book review – invisible women: data bias in a world designed for men

book review – invisible women: data bias in a world designed for men

unpaid work.

sex.

gender.

does it seem like i’m going to start a feminist rant? no. i’m going to talk about what we women have known forever.

i just finished up “invisible women: data bias in a world designed for men” and boy howdy am i annoyed. despite being the majority of people who inhabit the earth, we get the short stick when it comes to, well, just about everything.

caroline criado perez does a nice job of making statistics and data points palatable in her book, which tend to make me set aside a book if it becomes too boring. instead, she weaves in stories and examples with her data, using recent, actual events to back up what she’s talking about. (and if you’re worried about “citation needed”, about 30% of the book is footnotes and annotations.)

she talks about three major parts of women’s lives that are ignored in our world: sex, gender, and unpaid work. each of them is infuriating in themselves to think about discrepancies, but the most irritating for me was the medical section (dealing with the sex portion of this). think about all those medical studies and drug studies and all those medications you’re taking. now think about how the majority of test subjects and even mice are male. now think about how different the female body is with hormones and different muscle mass and metabolism, even. and the data they do get after these studies? they don’t disaggregate them by sex! so there could be a great drug out there for women that didn’t do squat out there for men, but do we know? no. science grants have generally dismissed research into childbirth and menstruation due to them being “not pressing” even though one happens every 28 days for most women and the other happens 360,000 times a day! if that’s not pressing, i’m not sure what is. and then let’s not talk about how doctors dismiss women’s pain as “all in their head”. did you know that a lot women are given antidepressants instead of painkillers? and the men in the same situation are given painkillers?

WHAT. ON. EARTH.

now, let’s touch briefly on the fact that when you include any vehicular crash tests that include dummies that are the size and stature of women (but not anatomically, so the chestal area is flat [think about where a seat belt goes]), the safety ratings PLUMMET. and they don’t even do crash tests with these smaller dummies in the drivers seats, because, you know, women don’t drive ever, amirite?

and let’s not even get started on phone size and the pocketriarchy. yes, she talked about both those things. i wish she had used the term pocketriarchy though. i’d probably’ve written her a love letter.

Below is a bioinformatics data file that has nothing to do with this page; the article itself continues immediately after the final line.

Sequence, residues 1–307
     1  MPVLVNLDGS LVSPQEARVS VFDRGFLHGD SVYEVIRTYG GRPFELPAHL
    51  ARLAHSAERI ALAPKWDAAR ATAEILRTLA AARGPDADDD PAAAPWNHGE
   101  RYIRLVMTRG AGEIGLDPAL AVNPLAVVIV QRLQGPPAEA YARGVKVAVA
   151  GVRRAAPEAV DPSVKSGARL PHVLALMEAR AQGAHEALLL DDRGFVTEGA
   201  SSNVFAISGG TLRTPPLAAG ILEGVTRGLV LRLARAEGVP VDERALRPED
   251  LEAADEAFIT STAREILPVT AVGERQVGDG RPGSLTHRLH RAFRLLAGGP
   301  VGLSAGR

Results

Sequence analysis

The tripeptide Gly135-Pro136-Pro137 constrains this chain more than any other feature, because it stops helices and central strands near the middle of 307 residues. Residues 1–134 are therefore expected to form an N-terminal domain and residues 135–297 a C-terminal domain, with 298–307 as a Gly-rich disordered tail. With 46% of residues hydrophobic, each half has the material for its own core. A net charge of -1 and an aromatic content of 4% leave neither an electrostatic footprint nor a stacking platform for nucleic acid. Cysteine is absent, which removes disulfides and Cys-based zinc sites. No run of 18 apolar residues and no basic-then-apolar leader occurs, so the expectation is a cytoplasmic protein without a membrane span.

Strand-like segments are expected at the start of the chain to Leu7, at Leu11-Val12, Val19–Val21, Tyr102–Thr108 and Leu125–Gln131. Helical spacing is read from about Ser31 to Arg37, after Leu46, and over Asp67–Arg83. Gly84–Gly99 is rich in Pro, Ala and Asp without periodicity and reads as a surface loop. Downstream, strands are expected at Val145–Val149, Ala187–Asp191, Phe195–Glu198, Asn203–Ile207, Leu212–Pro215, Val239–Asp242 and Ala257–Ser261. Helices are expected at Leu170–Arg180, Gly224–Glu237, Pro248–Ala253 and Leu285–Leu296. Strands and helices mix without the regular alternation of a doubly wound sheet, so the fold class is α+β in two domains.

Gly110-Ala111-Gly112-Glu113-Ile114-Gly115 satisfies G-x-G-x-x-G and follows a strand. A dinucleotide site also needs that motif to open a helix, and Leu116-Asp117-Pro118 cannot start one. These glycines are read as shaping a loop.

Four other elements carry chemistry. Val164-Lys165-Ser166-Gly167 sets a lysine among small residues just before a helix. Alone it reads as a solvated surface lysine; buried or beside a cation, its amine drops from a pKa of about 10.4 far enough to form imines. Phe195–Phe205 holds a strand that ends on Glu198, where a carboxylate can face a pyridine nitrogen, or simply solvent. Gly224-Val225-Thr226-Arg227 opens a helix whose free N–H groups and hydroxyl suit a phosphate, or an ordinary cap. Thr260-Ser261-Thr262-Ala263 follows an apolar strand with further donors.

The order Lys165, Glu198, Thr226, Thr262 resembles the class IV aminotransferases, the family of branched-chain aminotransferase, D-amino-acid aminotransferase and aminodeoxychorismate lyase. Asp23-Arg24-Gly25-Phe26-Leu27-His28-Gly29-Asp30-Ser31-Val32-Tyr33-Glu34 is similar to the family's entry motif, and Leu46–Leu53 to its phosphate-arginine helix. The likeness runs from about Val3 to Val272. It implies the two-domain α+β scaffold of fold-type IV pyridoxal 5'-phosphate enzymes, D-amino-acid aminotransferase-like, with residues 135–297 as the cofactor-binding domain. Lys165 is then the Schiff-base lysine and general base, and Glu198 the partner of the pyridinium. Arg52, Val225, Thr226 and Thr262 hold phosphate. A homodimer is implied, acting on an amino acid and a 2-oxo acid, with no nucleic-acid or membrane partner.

*EYE ROLL SO HARD*

and that’s just one. unpaid work is another huge portion. one of the scandinavian countries decided to do their snow removal backwards (start with the sidewalks and side roads and move outward) and the number of injuries massively reduced. why? because all the women who travel to various places for different errands and to take care of people are more likely to walk and use side roads. the men who don’t do all this unpaid work just use a main road to get to their jobs and go home. women are also more likely to combine various trips into one: i go to work, but on the way home, i stop at target, i stop at the grocery store, i stop to pick something else up. husbands generally don’t do this because their wives do.

throw in childcare, eldercare, taking care of infirm relatives, housework, etc.: what do you think it would add to the GDP? she posits that it would more than double what the GDP is worth in its paid work. considering the average woman’s leisure time versus a man’s, this wouldn’t surprise me one bit. consider emotional labor.

ok, phew. i’m getting all riled up here.

for the last one, gender, which is inculcated in us from day one, i think what’s most telling is how the workworld is designed for men and women are told “hey, just be more bold. be more insistent. be more” when talking about the pay gap. didn’t get a raise? well, you obviously didn’t sell yourself as well as jeeves did over in the corner office. so we’re going to have a workshop on how to teach women to show their worth in the workworld. instead of this, can’t we just acknowledge that women aren’t as aggressive as men in the workworld and are just as, if not more, worthy? can that just be… the NORM? instead of telling women they need to be more aggressive in the workplace? and when they are, well then they’re just shrill. they’re too much. they’re HILLARY CLINTON. (such an odd insult.)

*EYE ROLL AGAIN*

bottom line in ALL of these is that when standards are set or buildings are designed or drug tests are commenced, maybe a few women at the table would help. heck: if the table were half women, that would be at least egalitarian. because chances are that they will think of something that men don’t think about because they don’t experience it. that’s why it’s good to have diverse backgrounds at the table as well.

so. read this book. women, prepare to want to scratch your eyeballs out in frustration (only because you know it happens all around you all the time). men, prepare to have your eyeballs opened a bit. at least i hope that’s what happens and i hope you think about it next time you’re making decisions for the whole in a room full of men.

kudos, caroline. keep fighting the good fight.

One thought on “book review – invisible women: data bias in a world designed for men

  1. Yea Caroline, yea Kate!! Good job, speak the truth, stand your ground, and don’t take shit from nobody.

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